Budding paleontologists, take heart: while no dinosaur bones have been found in Virginia, good Old Dominion claims to have the largest number of tracks found in a single site in the world. You can travel far and wide in search of Stegosaurus and Tyrannosaurus Rex; here are some day trips to consider:
White Post, VA
(Now open for 2008!)
OK, so Dinosaurland is as fun for me as it is for the kids. It’s been open since March 1, and I’ll be taking the kids west over the mountain, as Loudouners say, to my favorite dinosaur attraction in the region so far. A shady forest trail winds around dozens of creatures including a giant King Kong in whose outstretched hand your kids can sit, a 20-foot king cobra, 70-foot octopus, and so much more. Be aware, though, that some younger kids can be put off by a few gory scenes of dinosaur fights and feeding off each other. Admission is something like $5 (they reserve the right to change rates, their Web site says), but you’ll probably end up spending more because your self-guided tour begins and ends in their everything-dino gift shop. No food allowed, but there’s a McDonald’s kitty corner from it at the intersection of Routes 277/340/522. Good for a morning or afternoon day trip; not enough to keep the kids occupied the whole day, though.
Maryland Science Center
Inner Harbor, Baltimore
The center devotes an amazing, huge hall to Dinosaur Mysteries, where kids can dig and drill for fossils, gape at three-story-high dinos (both skeletons and full-skin casts), color half-sheets of paper with dinosaurs printed on them, check out a nest of dinosaur eggs and measure tracks. That’s the free stuff; the gift shop has the best stocked dino section outside of Dinosaurland, including unique items such as cute dinosaur shoes for little dino hunters. Good for an all-day trip, since the rest of the center, including an IMAX theater, is just as entertaining.
Smithsonian National Museum of Natural History
The Museum of Natural History is always good on a rainy day, or on a sunny day for that matter. We go about every two months and we still keep discovering something we hadn’t seen before. But the area of interest is the Hall of Paleobiology on the first floor. Free and open to the public daily except Christmas. Check out the Web site for info about dinos and dino research at the museum and around the world. Last time we were there, you could only get hot dogs from vendors outside or eat at the museum’s Atrium Cafe or Fossil Cafe, both of which have overpriced cafe food. On the weekends, go early (they open at 10 a.m.) to get street parking otherwise you’ll be circling forever.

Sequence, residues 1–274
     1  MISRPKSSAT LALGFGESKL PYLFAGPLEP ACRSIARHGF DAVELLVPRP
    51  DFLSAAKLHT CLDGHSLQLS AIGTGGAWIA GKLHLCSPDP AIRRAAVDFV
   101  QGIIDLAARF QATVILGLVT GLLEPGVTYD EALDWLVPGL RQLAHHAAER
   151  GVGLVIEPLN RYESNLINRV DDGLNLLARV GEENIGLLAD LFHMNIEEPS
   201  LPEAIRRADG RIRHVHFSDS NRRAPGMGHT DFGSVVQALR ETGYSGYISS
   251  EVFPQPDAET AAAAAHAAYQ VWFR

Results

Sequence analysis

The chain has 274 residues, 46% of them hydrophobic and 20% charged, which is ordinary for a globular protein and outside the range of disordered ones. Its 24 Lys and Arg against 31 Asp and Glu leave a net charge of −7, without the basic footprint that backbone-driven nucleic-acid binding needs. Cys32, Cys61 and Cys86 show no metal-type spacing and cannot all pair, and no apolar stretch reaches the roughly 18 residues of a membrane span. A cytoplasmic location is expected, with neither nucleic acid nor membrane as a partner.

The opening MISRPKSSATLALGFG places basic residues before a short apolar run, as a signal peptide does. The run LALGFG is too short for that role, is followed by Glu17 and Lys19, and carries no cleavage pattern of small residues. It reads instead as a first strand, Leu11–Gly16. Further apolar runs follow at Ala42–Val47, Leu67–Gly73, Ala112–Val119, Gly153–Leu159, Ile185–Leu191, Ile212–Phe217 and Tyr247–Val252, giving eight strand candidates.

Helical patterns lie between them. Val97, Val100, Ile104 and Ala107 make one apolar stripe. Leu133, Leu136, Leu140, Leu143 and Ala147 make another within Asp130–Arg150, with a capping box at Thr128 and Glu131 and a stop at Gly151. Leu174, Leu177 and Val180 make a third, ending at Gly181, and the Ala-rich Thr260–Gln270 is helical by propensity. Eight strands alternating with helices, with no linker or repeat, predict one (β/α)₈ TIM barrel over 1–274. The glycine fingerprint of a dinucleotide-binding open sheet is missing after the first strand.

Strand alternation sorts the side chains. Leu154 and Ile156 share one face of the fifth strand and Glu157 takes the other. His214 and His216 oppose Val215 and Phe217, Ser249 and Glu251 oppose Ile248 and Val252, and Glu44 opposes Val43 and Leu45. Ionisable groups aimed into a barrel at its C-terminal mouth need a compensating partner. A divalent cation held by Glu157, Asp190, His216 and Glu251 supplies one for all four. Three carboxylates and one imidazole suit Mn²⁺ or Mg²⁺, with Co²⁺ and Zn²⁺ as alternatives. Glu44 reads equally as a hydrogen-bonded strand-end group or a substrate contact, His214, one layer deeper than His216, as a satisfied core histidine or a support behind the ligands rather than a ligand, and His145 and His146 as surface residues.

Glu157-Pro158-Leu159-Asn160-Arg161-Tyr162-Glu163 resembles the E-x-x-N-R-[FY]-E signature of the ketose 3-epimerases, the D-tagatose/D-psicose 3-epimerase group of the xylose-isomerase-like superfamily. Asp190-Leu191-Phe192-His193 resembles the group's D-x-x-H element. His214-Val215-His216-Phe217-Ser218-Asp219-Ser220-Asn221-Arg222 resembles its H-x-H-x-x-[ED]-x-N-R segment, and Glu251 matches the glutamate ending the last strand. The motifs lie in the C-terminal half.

Delaware Museum of Natural History
The two-hour drive to this small museum is worth it only if your kids are fanatical about dinosaurs. Through April 27, the exhibit Bizarre Beasts Past and Present features authentic cast skeletons of dinosaurs, realistic animal reconstructions, and genuine fossils to touch. The museum’s annual Dino Days on Dec. 27-28 are very popular, but you’ll be jockeying for space with thousands. No joke—their site says they had 2,595 visitors at last year’s event. You can spend the morning here, then travel up the road to Longwood Gardens, which just opened a new Indoor Children’s Garden.
The Museum of Culpeper History
This small museum in the cool town of Culpeper claims that it’s in this county that the most dinosaur tracks in a single site have been found. Inside, there’s a KidzCorner devoted to dinosaurs, including “Cully,” the town’s paleobiological mascot. They offer a one-hour tour that includes info on the dinosaurs that once lived in the area and left tracks nearby. Haven’t taken the tour, so can’t vouch for it but it would be a great little stop on a day tour of downtown Culpeper, which has great restaurants and shops. Check their Web site for tour fees, hours of operation and more info.
Virginia Museum of Natural History
Alas, you’ll have to wait till next Jan. 12, when the museum celebrates its 3rd Annual Dino Day with music, games, food and fun activities. But if I was down that way anyway, I’d still go to check out their 40-foot Harvest Foundation Great Hall where a cast of an allosaurus skeleton stands guard and where you can watch real live paleontologists work on really old bones.